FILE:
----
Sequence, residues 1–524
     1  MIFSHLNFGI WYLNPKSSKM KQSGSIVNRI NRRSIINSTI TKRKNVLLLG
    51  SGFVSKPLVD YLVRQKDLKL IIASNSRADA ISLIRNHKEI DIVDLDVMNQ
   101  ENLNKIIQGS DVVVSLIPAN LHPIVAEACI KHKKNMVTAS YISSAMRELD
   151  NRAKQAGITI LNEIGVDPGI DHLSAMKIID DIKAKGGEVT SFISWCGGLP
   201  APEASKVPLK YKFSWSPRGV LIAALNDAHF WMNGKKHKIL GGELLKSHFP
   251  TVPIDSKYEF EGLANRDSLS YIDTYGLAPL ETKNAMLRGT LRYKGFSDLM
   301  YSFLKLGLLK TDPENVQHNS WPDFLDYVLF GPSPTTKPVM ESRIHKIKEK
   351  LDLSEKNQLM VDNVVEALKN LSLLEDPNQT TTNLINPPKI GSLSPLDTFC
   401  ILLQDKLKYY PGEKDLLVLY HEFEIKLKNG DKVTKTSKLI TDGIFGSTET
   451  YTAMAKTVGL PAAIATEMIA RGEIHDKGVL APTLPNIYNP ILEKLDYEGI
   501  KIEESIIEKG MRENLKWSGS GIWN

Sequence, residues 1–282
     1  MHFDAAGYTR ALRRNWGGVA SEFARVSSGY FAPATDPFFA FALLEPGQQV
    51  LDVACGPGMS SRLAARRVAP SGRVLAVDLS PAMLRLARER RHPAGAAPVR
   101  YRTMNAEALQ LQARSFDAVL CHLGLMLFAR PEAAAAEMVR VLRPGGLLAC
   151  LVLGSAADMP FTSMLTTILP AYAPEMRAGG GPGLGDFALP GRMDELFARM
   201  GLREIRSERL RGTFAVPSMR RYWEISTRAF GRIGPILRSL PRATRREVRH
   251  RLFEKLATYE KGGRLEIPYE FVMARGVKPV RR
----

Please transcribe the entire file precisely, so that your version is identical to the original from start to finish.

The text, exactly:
Sequence, residues 1–524
     1  MIFSHLNFGI WYLNPKSSKM KQSGSIVNRI NRRSIINSTI TKRKNVLLLG
    51  SGFVSKPLVD YLVRQKDLKL IIASNSRADA ISLIRNHKEI DIVDLDVMNQ
   101  ENLNKIIQGS DVVVSLIPAN LHPIVAEACI KHKKNMVTAS YISSAMRELD
   151  NRAKQAGITI LNEIGVDPGI DHLSAMKIID DIKAKGGEVT SFISWCGGLP
   201  APEASKVPLK YKFSWSPRGV LIAALNDAHF WMNGKKHKIL GGELLKSHFP
   251  TVPIDSKYEF EGLANRDSLS YIDTYGLAPL ETKNAMLRGT LRYKGFSDLM
   301  YSFLKLGLLK TDPENVQHNS WPDFLDYVLF GPSPTTKPVM ESRIHKIKEK
   351  LDLSEKNQLM VDNVVEALKN LSLLEDPNQT TTNLINPPKI GSLSPLDTFC
   401  ILLQDKLKYY PGEKDLLVLY HEFEIKLKNG DKVTKTSKLI TDGIFGSTET
   451  YTAMAKTVGL PAAIATEMIA RGEIHDKGVL APTLPNIYNP ILEKLDYEGI
   501  KIEESIIEKG MRENLKWSGS GIWN

Sequence, residues 1–282
     1  MHFDAAGYTR ALRRNWGGVA SEFARVSSGY FAPATDPFFA FALLEPGQQV
    51  LDVACGPGMS SRLAARRVAP SGRVLAVDLS PAMLRLARER RHPAGAAPVR
   101  YRTMNAEALQ LQARSFDAVL CHLGLMLFAR PEAAAAEMVR VLRPGGLLAC
   151  LVLGSAADMP FTSMLTTILP AYAPEMRAGG GPGLGDFALP GRMDELFARM
   201  GLREIRSERL RGTFAVPSMR RYWEISTRAF GRIGPILRSL PRATRREVRH
   251  RLFEKLATYE KGGRLEIPYE FVMARGVKPV RR